Josephine H. Ross for the defendant.
William J. Meade, Assistant Attorney General, for the Commonwealth.
After we affirmed the defendant's conviction of trafficking in cocaine, see Commonwealth v. Araujo, 38 Mass. App. Ct. 1114 (1995), and his application for further appellate review was denied, see Commonwealth v. Araujo, 420 Mass. 1103 (1995), he filed a motion to correct the mittimus to obtain credit for 170 days he was held before trial in a New York prison as a fugitive from justice. The defendant had been held in custody in Massachusetts awaiting trial on the trafficking charge when, on September 4, 1991, he escaped. He was arrested the next day in New York on a fugitive warrant and would have been returned to Massachusetts soon but for his decision to contest rendition. Those proceedings lasted until February 14, 1992, when the New York court denied the defendant's petition, clearing the way for his return to Massachusetts. This occurred fourteen days later. In sentencing, the judge, acting pursuant to G. L. c. 127, s. 129B, credited the defendant with time spent in custody in Massachusetts awaiting trial but not with the 170-day period spent in custody in New York.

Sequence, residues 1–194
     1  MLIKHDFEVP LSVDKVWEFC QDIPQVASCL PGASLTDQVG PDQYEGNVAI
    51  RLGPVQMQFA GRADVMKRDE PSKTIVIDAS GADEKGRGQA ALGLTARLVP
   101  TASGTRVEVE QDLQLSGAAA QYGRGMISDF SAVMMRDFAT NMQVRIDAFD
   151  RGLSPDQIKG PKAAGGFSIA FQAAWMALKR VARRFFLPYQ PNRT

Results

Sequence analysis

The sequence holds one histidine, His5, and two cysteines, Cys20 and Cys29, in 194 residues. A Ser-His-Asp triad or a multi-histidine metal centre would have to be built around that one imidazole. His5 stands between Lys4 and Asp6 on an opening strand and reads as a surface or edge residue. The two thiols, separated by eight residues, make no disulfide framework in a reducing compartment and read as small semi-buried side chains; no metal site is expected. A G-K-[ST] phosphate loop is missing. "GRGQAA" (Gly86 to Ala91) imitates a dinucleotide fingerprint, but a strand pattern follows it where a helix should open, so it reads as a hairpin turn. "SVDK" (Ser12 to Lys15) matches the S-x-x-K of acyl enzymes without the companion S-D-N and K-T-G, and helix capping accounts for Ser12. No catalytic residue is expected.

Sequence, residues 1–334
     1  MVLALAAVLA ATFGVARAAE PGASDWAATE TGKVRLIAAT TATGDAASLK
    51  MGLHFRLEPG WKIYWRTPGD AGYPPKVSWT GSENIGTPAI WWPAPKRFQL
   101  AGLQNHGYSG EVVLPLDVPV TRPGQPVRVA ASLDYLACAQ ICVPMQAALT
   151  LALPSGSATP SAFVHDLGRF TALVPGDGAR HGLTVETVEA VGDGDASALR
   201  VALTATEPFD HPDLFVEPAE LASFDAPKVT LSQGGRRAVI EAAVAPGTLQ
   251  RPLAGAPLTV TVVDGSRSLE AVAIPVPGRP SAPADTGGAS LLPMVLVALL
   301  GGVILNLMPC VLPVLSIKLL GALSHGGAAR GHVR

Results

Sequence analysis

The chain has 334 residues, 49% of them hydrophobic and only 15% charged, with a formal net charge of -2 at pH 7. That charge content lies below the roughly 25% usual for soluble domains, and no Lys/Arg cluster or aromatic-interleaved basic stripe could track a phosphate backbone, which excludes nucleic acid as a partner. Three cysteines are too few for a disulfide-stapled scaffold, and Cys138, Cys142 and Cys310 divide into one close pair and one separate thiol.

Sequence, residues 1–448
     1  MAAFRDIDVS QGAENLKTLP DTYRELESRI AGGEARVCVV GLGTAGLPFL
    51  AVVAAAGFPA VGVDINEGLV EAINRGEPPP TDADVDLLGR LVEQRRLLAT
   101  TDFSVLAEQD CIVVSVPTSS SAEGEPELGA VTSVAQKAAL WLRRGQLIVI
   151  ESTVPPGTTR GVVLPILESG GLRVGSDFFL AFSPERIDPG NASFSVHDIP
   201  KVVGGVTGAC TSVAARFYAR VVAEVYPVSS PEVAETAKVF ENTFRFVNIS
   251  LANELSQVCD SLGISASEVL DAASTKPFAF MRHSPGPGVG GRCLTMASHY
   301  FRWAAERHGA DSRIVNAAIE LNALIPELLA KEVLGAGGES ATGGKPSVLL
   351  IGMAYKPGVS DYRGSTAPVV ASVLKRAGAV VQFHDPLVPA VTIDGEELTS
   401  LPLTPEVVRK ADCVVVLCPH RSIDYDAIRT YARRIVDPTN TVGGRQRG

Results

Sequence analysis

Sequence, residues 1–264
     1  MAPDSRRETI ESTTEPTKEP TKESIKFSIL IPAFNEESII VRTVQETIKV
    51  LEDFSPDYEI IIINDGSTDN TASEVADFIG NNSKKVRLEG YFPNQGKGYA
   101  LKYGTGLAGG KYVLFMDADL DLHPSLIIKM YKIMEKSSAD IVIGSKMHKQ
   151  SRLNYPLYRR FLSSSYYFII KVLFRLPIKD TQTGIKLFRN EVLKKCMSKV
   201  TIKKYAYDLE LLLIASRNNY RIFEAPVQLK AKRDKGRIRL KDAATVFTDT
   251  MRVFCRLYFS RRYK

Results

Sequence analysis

The judge allowed in part the motion to correct the mittimus, giving the defendant credit for the fourteen-day period between the end of the rendition contest and the day Massachusetts authorities collected the defendant and returned him to Massachusetts. That credit is in accord with Commonwealth v. Aquafresca, 11 Mass. App. Ct. 975 , 976-977 (1981), which gave Aquafresca credit for the time spent in custody in Oregon on the Massachusetts charges awaiting return (measured in that case by the time reasonably required to effect the return), and Chalifoux v. Commissioner of Correction, 375 Mass. 424 , 427 (1978), in which Chalifoux was held in Cal-
ifornia, available for immediate return to Massachusetts, but the Massachusetts authorities declined to receive him for an extended period due to prison overcrowding.
The judge correctly declined to give the defendant credit for the balance of the 170 days. Although s. 129B generally credits a defendant. with time spent in custody awaiting trial, "[n]o Massachusetts statute grants the defendant Credit for time spent fighting rendition." Commonwealth v. Beauchamp, 413 Mass. 60 , 62 (1992). Considerations of fairness and equity do not require crediting him with time during which, by his own election, he makes himself unavailable for return to Massachusetts. Id. at 62, 65. Neither due process nor equal protection require that such credit be given. Beauchamp v. Murphy, 37 F.3d 700, 704-708 (1st Cir. 1994), cert. denied, 115 S. Ct. 1365 (1995).
Order on motion to correct mittimus affirmed.